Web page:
Turtles all the way down: a question for atheists

Perhaps you’ve read or heard the following anecdote:

A well-known scientist (some say it was the philosopher Bertrand Russell) once gave a public lecture on astronomy. He described how the Earth orbits around the sun and how the sun, in turn, orbits around the centre of a vast collection of stars called our galaxy.
At the end of the lecture, a little old lady at the back of the room got up and said: “What you have told us is rubbish. The world is really a flat plate supported on the back of a giant tortoise.”
The scientist gave a superior smile before replying, “What is the tortoise standing on?”
“You’re very clever, young man, very clever,” said the old lady. “But it’s turtles all the way down!”

Atheists often use this story to mock the Christian belief, but I have a question for them. If everything that we know about the universe is gained through our senses, and those senses are essentially chemical reactions in the brain, then how did we find out about chemical reactions in the brain? Is it chemicals all the way down?

Just curious.

6 thoughts on “Turtles all the way down: a question for atheists”

  1. I’ve never had an answer to this question: If we are nothing but the result of random chance and adaption to environment which over the course of thousands of millenia have allowed us to survive via the vagaries of natural selection, then why have our brains developed the capacity to believe in God, if there clearly is no such thing?

    Cheers.

  2. I’ve never had an answer to this question: If we are nothing but the result of random chance and adaption to environment which over the course of thousands of millenia have allowed us to survive via the vagaries of natural selection, then why have our brains developed the capacity to believe in God, if there clearly is no such thing?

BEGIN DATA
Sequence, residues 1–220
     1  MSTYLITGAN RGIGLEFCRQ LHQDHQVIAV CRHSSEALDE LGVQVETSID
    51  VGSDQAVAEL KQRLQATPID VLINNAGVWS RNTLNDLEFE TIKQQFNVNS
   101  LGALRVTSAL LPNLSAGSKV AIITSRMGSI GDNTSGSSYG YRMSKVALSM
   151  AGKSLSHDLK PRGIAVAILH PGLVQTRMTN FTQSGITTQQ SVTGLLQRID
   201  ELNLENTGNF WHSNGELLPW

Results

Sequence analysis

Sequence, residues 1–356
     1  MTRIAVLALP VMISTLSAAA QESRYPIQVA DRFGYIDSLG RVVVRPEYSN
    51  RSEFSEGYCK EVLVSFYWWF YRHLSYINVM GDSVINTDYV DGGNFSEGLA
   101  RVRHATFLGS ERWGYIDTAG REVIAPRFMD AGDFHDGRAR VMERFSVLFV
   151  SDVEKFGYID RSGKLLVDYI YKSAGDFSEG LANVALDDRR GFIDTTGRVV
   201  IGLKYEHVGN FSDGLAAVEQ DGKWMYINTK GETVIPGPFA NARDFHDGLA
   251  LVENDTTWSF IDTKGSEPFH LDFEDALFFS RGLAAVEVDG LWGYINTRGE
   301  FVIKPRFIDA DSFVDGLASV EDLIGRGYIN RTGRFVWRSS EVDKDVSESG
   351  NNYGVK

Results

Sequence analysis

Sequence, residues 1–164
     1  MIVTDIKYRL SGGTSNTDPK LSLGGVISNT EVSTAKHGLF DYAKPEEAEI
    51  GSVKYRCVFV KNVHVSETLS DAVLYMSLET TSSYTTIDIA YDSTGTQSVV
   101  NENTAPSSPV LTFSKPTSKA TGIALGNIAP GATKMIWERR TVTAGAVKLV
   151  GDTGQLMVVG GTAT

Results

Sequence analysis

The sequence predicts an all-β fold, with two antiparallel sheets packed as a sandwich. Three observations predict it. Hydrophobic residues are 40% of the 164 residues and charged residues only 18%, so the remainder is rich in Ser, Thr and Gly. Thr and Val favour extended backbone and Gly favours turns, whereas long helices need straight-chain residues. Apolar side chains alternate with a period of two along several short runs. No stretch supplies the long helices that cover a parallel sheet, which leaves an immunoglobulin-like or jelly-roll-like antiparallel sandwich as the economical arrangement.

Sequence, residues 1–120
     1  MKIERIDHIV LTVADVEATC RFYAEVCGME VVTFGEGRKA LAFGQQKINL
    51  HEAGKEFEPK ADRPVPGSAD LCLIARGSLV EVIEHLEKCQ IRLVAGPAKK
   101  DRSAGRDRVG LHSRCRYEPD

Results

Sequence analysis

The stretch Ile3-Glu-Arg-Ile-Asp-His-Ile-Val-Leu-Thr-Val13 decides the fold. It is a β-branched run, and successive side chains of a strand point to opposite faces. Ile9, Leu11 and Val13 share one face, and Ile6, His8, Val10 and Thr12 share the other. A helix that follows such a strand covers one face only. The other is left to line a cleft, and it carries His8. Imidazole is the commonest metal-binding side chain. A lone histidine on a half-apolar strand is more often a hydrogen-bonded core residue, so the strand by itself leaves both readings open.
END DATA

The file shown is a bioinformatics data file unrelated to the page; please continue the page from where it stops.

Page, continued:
Cheers.

  3. Odd… I tend to use this as an argument AGAINST atheism. Well, anti-religious sentiment anyway. Science keeps discovering deeper and deeper fact in the universe and all manner of things physical, but it can’t explain everything, there’s always another turtle. The point is there is no ‘answer’ only a continual search, it doesn’t matter if it’s turtles or quarks. We will always search. Before someone ventures to explain that one course of inquiry is without merit they’d be good to remember the unachievability of their our course.

  4. Odd… I tend to use this as an argument AGAINST atheism. Well, anti-religious sentiment anyway. Science keeps discovering deeper and deeper fact in the universe and all manner of things physical, but it can’t explain everything, there’s always another turtle. The point is there is no ‘answer’ only a continual search, it doesn’t matter if it’s turtles or quarks. We will always search. Before someone ventures to explain that one course of inquiry is without merit they’d be good to remember the unachievability of their our course.

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